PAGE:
- Jerome P. Bjelopera, Specialist in Organized Crime and Terrorism
- Mark A. Randol, Specialist in Domestic Intelligence and Counter-Terrorism
- April 27, 2011
The Federal Bureau of Investigation (FBI, the Bureau) is the lead federal law enforcement agency charged with counterterrorism investigations. Since the September 11, 2001 (9/11) attacks, the FBI has implemented a series of reforms intended to transform itself from a largely reactive law enforcement agency focused on investigations of criminal activity into a more proactive, agile, flexible, and intelligence-driven agency that can prevent acts of terrorism.
This report provides background information on key elements of the FBI terrorism investigative process based on publicly available information. It discusses
• several enhanced investigative tools, authorities, and capabilities provided to the FBI through post-9/11 legislation, such as the USA PATRIOT Act of 2001; the 2008 revision to the Attorney General’s Guidelines for Domestic FBI Operations (Mukasey Guidelines); and the expansion of Joint Terrorism Task Forces (JTTF) throughout the country;
• intelligence reform within the FBI and concerns about the progress of those reform initiatives;
• the FBI’s proactive, intelligence-driven posture in its terrorism investigations using preventative policing techniques such as the “Al Capone” approach and the use of agent provocateurs; and
• the implications for privacy and civil liberties inherent in the use of preventative policing techniques to combat terrorism.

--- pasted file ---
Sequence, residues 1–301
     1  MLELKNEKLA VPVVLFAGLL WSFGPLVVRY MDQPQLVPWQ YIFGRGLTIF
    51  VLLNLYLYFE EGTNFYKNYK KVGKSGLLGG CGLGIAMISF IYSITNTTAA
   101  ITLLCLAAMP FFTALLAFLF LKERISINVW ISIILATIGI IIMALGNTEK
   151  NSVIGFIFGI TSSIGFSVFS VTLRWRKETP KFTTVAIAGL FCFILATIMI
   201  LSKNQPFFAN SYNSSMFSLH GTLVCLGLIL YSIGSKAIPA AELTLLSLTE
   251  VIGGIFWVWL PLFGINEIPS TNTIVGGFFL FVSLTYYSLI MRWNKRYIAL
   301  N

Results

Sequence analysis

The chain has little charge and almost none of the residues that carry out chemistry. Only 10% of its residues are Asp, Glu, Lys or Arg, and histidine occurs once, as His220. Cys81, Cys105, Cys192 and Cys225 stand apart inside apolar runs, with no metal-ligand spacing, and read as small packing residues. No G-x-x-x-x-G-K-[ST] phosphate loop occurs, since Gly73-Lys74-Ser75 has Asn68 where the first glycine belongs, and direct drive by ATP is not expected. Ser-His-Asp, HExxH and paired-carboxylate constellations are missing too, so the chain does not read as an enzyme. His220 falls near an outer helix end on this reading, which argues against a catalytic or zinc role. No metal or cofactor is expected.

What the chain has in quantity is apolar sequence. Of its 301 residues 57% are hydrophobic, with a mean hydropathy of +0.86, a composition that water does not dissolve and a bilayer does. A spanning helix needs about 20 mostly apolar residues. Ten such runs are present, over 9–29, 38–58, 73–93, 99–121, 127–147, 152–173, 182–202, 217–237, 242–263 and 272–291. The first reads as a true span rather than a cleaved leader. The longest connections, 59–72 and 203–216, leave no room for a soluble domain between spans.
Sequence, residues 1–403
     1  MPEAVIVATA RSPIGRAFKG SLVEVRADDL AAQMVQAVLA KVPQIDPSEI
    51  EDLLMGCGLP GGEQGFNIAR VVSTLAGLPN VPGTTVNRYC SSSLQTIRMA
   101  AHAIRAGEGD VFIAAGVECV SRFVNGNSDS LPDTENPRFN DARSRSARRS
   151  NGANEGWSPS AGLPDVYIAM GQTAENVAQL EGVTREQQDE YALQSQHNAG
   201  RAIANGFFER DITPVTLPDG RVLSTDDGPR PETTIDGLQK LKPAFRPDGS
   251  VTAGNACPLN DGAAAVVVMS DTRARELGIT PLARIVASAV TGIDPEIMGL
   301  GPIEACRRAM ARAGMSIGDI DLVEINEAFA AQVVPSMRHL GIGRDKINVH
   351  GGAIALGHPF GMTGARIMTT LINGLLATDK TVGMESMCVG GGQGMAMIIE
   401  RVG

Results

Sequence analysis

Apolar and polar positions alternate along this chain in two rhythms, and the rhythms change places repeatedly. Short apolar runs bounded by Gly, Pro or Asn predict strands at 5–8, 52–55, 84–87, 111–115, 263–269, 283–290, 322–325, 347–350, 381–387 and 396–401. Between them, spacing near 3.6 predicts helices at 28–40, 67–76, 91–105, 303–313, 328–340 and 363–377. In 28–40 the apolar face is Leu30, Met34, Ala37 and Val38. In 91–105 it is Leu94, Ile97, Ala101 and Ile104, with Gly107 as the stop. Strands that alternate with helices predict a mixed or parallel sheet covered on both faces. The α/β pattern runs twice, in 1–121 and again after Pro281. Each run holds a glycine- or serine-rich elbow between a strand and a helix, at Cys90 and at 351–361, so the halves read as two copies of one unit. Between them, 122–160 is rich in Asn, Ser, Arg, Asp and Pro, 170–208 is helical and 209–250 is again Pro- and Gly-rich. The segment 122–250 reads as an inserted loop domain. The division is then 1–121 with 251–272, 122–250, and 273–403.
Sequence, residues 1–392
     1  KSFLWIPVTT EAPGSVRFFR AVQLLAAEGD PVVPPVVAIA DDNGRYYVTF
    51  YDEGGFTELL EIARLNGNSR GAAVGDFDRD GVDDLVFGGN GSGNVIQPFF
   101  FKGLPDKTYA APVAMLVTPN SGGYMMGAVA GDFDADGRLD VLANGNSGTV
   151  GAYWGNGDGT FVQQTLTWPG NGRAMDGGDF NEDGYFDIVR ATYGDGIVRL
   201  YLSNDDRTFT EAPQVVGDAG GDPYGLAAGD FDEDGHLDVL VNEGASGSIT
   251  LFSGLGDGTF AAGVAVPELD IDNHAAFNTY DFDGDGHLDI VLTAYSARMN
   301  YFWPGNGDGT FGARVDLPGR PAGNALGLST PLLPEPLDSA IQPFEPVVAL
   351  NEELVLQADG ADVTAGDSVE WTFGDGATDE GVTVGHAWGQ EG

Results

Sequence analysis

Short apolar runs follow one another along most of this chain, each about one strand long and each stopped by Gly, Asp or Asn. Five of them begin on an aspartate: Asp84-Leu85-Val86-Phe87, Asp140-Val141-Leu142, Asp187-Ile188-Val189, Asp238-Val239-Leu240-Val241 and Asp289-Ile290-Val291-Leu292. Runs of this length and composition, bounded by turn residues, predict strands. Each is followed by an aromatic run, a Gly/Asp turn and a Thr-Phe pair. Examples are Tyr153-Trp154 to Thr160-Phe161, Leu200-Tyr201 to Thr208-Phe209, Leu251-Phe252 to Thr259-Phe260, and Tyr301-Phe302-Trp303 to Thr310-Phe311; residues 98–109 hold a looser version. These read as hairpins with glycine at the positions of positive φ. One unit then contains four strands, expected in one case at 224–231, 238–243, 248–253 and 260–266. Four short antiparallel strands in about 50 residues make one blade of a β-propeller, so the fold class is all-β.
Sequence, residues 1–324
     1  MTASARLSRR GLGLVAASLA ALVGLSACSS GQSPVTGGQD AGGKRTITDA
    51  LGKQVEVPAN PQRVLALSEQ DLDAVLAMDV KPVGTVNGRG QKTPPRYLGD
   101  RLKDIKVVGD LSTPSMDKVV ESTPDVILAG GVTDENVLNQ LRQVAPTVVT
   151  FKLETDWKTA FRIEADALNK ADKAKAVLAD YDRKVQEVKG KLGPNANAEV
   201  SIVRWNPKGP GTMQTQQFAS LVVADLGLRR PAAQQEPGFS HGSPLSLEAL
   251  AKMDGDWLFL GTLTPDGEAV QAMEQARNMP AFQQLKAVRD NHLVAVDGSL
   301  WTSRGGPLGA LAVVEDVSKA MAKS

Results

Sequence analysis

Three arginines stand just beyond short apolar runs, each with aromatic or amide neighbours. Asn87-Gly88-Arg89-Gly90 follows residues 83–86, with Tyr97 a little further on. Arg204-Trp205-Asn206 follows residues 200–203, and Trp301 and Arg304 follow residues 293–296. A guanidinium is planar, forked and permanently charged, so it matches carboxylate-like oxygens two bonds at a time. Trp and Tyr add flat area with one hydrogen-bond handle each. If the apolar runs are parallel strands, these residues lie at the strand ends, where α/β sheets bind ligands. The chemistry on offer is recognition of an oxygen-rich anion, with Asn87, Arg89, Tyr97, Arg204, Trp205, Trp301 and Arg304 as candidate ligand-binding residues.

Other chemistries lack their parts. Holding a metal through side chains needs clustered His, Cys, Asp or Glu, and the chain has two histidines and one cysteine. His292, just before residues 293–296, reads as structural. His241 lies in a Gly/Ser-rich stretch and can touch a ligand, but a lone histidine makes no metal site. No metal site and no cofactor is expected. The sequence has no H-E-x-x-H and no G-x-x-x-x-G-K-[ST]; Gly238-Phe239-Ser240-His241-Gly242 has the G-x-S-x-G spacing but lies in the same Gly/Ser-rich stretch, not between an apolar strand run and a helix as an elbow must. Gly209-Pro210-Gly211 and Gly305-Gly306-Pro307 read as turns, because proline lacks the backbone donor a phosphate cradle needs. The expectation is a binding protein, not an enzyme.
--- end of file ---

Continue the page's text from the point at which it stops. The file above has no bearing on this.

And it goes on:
This report sets forth possible considerations for Congress as it executes its oversight role. These issues include the extent to which intelligence has been integrated into FBI operations to support its counterterrorism mission and the progress the Bureau has made on its intelligence reform initiatives. In addition, these issues will also be relevant during confirmation hearings for a new director. The statutory 10-year term of current FBI Director Robert S. Mueller III expires in September 2011. A new director will be subject to Senate confirmation.
“Sneak and Peek” Search Warrants
In general, police officers serving a warrant must “knock and announce”—that is, give the subject notice that they are the police and are serving a warrant. They may enter and search even if the subject is not present at the premises to be searched, but they must leave a copy of the warrant and an inventory of what was seized, giving notice that the premises was searched.
The USA PATRIOT Act amended Title 1833 to allow federal law enforcement officers to request from the courts a delayed-notice (so-called “sneak and peek”) search warrant allowing officers to enter and search a premises without immediately notifying the owner when such notice may have an adverse result (e.g., tipping off a suspect or co-conspirators).
This authority has been used rarely in terrorism cases. In the three years for which data are available (October 1, 2006-September 30, 2009), the Director of the Administrative Office of the United States Courts reported to Congress that 2,332 delayed-notice search warrant requests were made. Drug-related offenses accounted for 1,618 (69.4 %) of these. The next largest category of offense for such warrants was fraud (122 warrants, 5.2%). Fifteen requests (less than 1%) were made for terrorism cases.